The scale of the challenge that all of us in the development industry face is huge and we all have a part to play. Whether you are a private developer or a local authority, Gear Change will provide a real impetus to make a meaningful difference.

An update on the proposals is urgently required and we suspect is to follow in the coming months. Active travel is key to achieving net zero by 2050 – which, to remind, is now a legal obligation. This commitment was the first of its kind in the world and so we should expect to also be world leaders in the delivery of change. We must start soon, and we must adapt quickly.

The impending change should not be feared by our clients. Gear Change represents a societal vision which should excite everyone involved – whether in delivering the vision itself or being the end user who will benefit from the changes envisioned.

There will be teething problems at first as we adjust. The changes proposed will be quite a shock to many, given the inherently stubborn nature of travel patterns and (perhaps reluctant) behavioural change required. Our cities have been shaped by the private vehicle for the last 70 years (both in terms of planning and the corollary travel behaviours observed and embedded) – there’s no doubt that the changes will be tough for some, but the benefits to be gleaned at the end of the journey are abound.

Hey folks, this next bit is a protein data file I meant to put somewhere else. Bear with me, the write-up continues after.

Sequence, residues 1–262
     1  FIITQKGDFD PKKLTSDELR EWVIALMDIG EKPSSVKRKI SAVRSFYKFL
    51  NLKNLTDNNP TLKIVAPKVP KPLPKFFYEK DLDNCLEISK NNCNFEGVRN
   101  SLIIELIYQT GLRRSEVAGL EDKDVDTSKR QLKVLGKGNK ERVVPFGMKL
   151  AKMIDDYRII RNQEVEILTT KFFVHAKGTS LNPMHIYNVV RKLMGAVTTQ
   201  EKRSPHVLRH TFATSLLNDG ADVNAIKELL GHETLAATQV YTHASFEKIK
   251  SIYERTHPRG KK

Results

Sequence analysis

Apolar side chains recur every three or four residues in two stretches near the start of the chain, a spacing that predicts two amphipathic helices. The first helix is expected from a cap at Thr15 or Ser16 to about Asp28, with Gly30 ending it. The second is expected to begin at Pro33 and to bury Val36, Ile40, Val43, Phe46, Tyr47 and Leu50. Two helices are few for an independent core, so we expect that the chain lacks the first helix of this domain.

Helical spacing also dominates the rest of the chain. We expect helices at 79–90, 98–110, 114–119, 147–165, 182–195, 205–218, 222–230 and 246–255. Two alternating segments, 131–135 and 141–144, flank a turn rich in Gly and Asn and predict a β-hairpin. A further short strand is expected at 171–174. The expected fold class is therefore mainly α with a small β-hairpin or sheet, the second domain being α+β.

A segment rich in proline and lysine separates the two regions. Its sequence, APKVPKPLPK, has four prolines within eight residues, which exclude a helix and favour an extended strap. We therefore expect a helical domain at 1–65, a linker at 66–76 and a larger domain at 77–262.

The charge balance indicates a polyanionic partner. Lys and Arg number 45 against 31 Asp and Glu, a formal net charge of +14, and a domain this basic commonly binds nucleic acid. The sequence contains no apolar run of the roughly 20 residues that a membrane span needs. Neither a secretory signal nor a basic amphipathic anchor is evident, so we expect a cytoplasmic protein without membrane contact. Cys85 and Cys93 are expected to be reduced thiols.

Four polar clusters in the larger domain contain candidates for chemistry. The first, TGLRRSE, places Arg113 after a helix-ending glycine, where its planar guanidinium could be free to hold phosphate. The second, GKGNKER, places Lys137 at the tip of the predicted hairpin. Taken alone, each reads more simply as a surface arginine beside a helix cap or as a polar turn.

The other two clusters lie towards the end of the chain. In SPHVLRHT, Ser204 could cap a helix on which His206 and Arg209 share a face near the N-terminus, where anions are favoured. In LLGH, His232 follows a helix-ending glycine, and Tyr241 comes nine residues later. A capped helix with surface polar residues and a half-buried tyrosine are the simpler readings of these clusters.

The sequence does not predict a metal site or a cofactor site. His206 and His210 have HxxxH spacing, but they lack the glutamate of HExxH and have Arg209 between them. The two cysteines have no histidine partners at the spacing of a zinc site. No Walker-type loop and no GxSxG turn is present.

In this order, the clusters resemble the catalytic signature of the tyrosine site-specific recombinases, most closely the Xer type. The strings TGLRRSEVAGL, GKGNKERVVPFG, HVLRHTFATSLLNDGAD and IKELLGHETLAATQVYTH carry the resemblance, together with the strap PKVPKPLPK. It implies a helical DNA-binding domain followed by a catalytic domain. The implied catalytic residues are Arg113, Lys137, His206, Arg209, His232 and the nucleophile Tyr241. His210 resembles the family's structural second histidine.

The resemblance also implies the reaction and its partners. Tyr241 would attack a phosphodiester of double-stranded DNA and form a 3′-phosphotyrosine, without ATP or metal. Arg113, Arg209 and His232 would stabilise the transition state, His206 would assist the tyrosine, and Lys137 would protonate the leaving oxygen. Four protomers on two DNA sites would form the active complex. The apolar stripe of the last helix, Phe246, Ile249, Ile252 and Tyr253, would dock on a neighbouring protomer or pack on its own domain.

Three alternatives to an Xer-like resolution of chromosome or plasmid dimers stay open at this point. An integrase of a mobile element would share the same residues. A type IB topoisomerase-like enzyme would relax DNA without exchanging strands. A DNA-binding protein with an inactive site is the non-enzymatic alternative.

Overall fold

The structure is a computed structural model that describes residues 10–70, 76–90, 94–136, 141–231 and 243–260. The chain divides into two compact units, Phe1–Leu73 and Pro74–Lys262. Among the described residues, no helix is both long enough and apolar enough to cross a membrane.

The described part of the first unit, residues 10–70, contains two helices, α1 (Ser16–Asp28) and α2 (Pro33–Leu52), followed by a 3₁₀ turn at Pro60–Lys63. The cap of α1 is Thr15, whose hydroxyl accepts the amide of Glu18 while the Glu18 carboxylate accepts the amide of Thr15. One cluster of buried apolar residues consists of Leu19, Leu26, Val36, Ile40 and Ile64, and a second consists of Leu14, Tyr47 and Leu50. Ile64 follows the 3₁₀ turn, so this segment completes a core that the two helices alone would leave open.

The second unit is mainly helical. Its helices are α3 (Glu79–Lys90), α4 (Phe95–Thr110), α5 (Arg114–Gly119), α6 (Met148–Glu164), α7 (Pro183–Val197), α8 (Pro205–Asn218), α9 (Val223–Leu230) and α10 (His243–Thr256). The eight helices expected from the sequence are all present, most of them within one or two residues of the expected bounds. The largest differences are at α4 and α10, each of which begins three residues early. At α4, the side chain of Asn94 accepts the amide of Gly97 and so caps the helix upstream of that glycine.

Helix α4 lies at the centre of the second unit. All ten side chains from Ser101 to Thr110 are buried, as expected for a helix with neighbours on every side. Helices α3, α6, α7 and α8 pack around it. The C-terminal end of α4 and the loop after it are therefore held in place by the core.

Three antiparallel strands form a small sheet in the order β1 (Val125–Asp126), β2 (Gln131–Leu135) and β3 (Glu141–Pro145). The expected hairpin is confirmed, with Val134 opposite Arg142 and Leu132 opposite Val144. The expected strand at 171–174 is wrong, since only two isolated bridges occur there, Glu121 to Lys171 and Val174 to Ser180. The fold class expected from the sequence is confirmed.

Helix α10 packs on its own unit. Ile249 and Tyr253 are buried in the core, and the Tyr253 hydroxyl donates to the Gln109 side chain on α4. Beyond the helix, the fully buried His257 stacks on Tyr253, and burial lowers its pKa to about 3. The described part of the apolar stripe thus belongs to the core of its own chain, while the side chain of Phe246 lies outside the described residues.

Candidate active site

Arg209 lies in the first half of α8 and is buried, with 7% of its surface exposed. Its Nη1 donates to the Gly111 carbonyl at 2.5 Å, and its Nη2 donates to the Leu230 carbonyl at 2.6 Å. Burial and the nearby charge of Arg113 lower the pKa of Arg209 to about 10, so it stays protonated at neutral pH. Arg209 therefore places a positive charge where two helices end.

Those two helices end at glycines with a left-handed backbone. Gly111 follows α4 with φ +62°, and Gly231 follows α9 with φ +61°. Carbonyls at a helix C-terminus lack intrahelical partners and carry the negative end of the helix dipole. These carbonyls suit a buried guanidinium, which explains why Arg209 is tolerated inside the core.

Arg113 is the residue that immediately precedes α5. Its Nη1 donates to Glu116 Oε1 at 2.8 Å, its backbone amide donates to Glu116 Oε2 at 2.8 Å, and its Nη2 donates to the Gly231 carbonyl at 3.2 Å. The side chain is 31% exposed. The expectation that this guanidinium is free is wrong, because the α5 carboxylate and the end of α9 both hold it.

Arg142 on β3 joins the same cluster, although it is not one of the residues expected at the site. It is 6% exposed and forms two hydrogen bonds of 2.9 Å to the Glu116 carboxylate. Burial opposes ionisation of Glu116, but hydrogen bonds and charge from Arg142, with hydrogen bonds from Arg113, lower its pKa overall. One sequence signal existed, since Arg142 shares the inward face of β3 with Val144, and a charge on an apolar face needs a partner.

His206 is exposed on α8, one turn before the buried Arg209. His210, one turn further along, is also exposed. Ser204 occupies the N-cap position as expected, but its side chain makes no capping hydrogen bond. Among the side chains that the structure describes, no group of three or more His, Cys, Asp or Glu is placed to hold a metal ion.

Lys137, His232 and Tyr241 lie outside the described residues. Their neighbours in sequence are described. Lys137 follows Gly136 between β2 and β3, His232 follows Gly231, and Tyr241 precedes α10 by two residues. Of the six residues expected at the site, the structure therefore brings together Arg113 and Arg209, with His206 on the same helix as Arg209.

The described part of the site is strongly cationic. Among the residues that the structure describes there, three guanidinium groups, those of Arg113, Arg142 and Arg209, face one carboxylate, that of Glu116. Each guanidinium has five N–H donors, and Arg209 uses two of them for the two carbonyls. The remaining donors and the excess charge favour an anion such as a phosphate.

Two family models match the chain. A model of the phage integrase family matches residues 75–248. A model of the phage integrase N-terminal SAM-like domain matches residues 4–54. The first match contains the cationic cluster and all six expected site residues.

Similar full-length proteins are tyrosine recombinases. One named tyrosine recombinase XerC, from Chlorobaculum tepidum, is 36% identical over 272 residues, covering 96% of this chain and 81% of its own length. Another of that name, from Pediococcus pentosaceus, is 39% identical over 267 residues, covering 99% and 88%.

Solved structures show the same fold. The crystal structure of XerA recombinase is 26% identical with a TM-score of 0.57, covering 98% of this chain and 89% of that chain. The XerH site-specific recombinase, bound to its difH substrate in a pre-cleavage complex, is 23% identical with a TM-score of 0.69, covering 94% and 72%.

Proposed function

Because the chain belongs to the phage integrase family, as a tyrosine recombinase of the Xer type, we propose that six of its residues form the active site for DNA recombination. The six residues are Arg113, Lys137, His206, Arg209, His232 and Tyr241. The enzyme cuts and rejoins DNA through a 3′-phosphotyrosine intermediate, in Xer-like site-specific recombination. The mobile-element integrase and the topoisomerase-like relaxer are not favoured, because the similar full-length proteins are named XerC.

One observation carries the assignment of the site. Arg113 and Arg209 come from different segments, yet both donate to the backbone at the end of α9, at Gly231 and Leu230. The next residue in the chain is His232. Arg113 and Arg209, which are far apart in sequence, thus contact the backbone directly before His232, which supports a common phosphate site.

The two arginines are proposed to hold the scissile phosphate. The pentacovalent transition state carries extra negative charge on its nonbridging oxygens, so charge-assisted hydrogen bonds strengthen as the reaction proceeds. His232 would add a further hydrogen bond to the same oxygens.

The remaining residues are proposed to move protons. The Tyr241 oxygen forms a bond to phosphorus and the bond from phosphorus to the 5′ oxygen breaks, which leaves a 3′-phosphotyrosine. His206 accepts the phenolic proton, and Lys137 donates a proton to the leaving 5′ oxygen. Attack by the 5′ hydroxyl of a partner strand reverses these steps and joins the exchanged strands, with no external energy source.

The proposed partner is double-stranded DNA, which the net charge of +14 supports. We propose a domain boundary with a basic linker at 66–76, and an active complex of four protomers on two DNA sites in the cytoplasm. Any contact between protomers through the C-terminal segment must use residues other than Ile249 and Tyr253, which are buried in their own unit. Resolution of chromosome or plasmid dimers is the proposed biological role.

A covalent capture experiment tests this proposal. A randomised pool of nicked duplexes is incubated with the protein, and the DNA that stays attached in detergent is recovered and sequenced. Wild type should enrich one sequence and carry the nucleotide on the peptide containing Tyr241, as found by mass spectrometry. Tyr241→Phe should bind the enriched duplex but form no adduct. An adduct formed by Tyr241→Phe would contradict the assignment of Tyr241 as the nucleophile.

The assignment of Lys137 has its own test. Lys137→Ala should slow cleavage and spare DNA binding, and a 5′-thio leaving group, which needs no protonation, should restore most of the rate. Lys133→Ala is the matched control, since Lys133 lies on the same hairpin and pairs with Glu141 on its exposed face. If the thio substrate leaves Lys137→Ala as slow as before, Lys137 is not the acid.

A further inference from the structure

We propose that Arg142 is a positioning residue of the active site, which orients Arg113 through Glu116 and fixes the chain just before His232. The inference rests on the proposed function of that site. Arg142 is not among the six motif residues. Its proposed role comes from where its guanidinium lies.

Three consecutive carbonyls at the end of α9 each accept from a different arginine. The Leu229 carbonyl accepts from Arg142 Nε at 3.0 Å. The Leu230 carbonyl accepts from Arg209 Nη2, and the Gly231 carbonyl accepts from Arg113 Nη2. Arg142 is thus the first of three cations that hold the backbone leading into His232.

[1] https://momentum-transport.com/electric-bicycles-the-leader-of-the-micromobility-pack/

[2] https://momentum-transport.com/e-scooters-love-them-or-hate-them-theyre-coming/

Opportunities for our Clients

The changes that will result from Gear Change do not have to come at a cost. Opportunities are out there: not least financial, but also social and environmental.

Developers and local authorities should be excited by the positive change that this policy vision aims to enable. But they should be equally mindful of the more immediate challenges that lay ahead once the changes are eventually implemented. (The size of the challenge at hand may in some part explain the delay in further updates from the government.)